The device mimics the function of an interactive whiteboard, but at a low cost, since the design consists of an infrared pen, a Nintendo Wii video game control console, a projector and a laptop.
In the town of Belén in northern Chile’s Norte Grande, a special intercultural banquette is celebrated. A group of women prepare different traditional dishes from the Altiplano, including characteristic meals from Perú and Bolivia. The whole town gets together to enjoy them.
“Animitas” or roadside shrines are popular religious expressions that can be seen along highways throughout Chile. Where someone dies tragically, a group of people—not necessarily family members—construct small sanctuaries where the spirit of the deceased is venerated and asked for favors.
In the Atacama Desert in northern Chile, an unconventional car race has been created: all of its contestants are propelled only by solar energy. Being the driest place in the world and thanks to the Atacama’s 320 days of radient sunshine a year, it was ideal for the first competition of its kind in Latin America.
Unlike other solar races, the Atacama Solar Challenge has many slopes, making vehicle movement more challenging.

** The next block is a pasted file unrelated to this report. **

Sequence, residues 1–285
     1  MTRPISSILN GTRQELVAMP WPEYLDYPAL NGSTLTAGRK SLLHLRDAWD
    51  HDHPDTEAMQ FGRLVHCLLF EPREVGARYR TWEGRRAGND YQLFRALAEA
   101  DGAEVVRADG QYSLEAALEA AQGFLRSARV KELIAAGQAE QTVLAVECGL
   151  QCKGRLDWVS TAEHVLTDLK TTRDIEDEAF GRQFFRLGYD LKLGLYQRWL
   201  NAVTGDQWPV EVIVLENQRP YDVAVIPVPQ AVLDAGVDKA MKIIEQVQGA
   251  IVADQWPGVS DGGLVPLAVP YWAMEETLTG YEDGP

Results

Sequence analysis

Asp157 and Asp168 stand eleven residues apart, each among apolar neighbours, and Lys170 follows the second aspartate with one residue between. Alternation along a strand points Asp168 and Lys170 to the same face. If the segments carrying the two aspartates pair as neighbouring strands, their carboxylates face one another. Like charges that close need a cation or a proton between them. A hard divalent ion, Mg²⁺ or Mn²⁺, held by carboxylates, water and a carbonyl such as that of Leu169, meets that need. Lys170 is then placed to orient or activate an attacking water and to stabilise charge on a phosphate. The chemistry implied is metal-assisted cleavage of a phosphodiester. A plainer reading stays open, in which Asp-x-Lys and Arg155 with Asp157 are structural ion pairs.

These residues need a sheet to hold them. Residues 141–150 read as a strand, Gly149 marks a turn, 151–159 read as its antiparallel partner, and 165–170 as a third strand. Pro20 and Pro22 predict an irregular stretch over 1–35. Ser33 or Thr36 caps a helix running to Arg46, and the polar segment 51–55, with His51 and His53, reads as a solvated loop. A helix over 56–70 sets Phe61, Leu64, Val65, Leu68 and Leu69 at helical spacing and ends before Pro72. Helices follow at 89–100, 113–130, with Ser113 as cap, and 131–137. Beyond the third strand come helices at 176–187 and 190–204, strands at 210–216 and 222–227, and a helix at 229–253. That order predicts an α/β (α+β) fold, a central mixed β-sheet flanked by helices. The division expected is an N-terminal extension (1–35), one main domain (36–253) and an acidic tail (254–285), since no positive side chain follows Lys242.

From Punta Arenas, on the extreme southern edges of the American continent, Rafael Cheuquelaf and Héctor Aguilar compose electronic music inspired by the grey landscapes of the Magellan Region. Together they are Lluvia Ácida (Acid Rain), founded in 1996. Since their beginning, the pair has released 16 albums. They have also played at Chile’s Presidente Eduardo Frei Montalva Antarctic base.
Seeing the need to unite the rich cultural and commercial life of the port of Valparaíso, Nicolás Eyzaguirre decided to utilize shipping containers to put on performances, since they are a versatile spaces as well as representative of the city.
Between these two southern cities, a train route still remains active, known as “Ramal Talca-Constitución.” This traditional form of transportation passes through many towns that are otherwise inaccessible.
From the African American communities of New York City neighborhoods like the Bronx and Brooklyn, breakdancing or B-boying came to the south of Chile.
In Valdivia, the capital of the Los Rios Region, a group of young people gather in the city center to practice breakdancing, a style of dance that has won them several international championships.